Sunday, September 13, 2009

Wycliffe 'Steely' Johnson Laid to Rest

By Nadine Sutherland
Sunday, September 13, 2009

The thanksgiving celebration for the life of Wycliffe 'Steely' Johnson was indicative of how he lived and the many lives he touched. You felt his energy in the music and captured his essence in the speeches made by his peers and family; even the unscripted surprises, generated laughter, reflecting one of the affectionate labels used to describe him - stand up comic.

The programme was printed as a CD pamphlet, and each page was utilised to show different aspects of his life, pictures of his children and mother, and pictures of him with his many musical moments, especially the ones with his musical partner Clevie. The order of the service was placed conveniently, in the middle of the pamphlet, and it well thought out execution, allowed us to capture the many aspects of this legendary man.

The Swallowfield Chapel was packed with family members, a well representatives of the music fraternity, members of the 12 Tribes of Israel, friend, fans and well wishers. The praise and worship section was "reggaefied", some of the usual songs were sung on complementary dancehall rhythms, which added a nice touch.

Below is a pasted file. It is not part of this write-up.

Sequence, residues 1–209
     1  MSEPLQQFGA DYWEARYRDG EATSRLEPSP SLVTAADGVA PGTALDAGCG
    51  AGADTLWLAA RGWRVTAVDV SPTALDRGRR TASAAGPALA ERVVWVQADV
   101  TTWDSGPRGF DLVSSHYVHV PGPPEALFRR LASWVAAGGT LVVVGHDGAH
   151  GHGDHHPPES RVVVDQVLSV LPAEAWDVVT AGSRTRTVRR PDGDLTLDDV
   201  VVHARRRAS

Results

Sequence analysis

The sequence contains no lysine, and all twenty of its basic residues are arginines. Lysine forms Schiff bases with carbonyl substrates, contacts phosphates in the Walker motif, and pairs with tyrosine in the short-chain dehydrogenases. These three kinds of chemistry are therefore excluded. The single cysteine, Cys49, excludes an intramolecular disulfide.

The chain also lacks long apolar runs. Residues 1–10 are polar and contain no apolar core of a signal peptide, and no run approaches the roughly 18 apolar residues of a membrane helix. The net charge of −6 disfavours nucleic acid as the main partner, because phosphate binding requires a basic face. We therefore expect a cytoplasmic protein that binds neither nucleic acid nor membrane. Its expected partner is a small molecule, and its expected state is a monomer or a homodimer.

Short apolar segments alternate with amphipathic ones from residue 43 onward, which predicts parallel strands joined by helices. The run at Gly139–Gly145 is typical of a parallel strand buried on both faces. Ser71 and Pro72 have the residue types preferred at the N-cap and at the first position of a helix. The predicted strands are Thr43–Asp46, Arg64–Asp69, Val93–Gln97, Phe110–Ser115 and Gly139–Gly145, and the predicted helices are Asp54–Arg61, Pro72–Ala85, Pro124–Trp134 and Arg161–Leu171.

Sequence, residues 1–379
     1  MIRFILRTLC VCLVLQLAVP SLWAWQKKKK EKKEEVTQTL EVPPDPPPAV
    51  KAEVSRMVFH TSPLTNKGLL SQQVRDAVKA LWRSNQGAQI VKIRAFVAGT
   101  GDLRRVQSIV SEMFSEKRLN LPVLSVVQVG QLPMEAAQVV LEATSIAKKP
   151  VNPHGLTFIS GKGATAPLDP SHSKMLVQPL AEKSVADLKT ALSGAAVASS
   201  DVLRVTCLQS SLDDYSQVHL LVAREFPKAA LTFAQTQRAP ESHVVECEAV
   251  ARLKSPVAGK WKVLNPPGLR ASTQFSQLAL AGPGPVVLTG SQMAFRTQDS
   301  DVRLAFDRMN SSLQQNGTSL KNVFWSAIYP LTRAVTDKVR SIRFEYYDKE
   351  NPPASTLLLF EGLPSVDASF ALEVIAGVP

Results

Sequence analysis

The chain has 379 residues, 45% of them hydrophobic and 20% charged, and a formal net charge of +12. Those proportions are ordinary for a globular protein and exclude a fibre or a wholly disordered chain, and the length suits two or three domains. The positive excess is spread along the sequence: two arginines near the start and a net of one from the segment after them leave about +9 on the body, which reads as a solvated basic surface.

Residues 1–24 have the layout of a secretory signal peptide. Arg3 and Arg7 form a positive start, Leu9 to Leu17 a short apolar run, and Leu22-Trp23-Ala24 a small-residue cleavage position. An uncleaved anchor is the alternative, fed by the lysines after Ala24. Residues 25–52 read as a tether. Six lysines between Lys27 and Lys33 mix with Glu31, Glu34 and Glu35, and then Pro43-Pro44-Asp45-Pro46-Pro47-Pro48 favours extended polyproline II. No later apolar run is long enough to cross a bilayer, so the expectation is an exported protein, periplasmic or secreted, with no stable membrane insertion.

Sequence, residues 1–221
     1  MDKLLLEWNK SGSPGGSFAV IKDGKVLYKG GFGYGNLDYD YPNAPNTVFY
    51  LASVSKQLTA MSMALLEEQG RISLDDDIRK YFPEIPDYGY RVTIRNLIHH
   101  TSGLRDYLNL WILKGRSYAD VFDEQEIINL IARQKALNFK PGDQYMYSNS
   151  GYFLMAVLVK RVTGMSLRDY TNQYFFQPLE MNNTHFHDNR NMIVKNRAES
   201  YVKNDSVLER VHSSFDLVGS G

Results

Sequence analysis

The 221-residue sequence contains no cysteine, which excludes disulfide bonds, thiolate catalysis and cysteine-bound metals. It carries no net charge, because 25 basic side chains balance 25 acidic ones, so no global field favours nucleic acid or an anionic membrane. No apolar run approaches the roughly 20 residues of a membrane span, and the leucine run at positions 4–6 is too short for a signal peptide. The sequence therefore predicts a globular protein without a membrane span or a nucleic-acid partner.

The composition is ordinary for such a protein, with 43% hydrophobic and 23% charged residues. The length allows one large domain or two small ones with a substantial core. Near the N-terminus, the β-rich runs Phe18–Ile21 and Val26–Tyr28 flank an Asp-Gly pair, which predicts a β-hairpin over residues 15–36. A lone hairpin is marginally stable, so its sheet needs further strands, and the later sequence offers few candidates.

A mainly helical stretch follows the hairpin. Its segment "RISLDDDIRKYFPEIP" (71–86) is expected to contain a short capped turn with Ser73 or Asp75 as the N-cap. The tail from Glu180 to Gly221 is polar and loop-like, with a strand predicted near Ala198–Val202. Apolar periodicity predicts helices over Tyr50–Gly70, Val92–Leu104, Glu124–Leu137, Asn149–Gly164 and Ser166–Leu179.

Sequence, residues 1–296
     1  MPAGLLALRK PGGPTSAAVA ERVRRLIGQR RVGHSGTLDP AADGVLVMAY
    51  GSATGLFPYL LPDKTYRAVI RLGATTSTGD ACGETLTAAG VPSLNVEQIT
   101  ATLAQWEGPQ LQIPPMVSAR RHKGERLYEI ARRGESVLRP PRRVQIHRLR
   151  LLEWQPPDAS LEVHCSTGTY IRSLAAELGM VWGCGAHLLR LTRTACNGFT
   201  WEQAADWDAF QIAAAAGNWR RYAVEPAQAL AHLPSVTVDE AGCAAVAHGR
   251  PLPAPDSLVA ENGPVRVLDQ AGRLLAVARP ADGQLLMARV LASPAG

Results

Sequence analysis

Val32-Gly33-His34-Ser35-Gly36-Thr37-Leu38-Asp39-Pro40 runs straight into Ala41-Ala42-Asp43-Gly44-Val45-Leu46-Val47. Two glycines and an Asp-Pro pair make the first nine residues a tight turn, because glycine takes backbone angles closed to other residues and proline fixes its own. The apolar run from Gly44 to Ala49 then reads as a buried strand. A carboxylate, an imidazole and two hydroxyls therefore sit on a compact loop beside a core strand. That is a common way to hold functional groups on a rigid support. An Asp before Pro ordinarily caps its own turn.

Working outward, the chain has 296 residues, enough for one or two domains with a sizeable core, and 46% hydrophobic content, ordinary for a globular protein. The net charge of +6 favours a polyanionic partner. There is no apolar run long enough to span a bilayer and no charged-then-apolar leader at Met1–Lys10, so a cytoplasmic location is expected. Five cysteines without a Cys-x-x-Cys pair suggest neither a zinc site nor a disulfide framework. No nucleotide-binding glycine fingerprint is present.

Each item that was sung or spoken made one learn more about Steely. If a stranger was sitting in the congregation, they would have left knowing so much more of this reggae icon.

There were remembrances and songs shared both by family members and his musical family. The eulogy was read by lifelong friend and the other half of the musical duo Cleveland 'Clevie' Browne, who was greeted with a standing ovation by the room. Another poignant moment was the laying of the red roses by some of reggae's best producers, on Steely's coffin. Each was called out individually, and given a red rose which they placed on the coffin. This brought tears to some eyes, as the faces of the men showed everything. Their respect for this moment was seen in their faces, unmasked, as each have worked somewhere in the past, and on some of their biggest hits with this genius.

In the room, the camaraderie and love amongst people in the industry was palpable. It was obvious that people knew each other for years, and as Rev Al Miller alluded to, the fact that death was a moment for contemplation. It appeared as if Steely's death brought this to many sitting in the pews.
From all indications he will be missed, not only for his groundbreaking shift of a whole genre of Jamaican music, but also his humour, enthusiasm, and his flaws.


No comments:

Post a Comment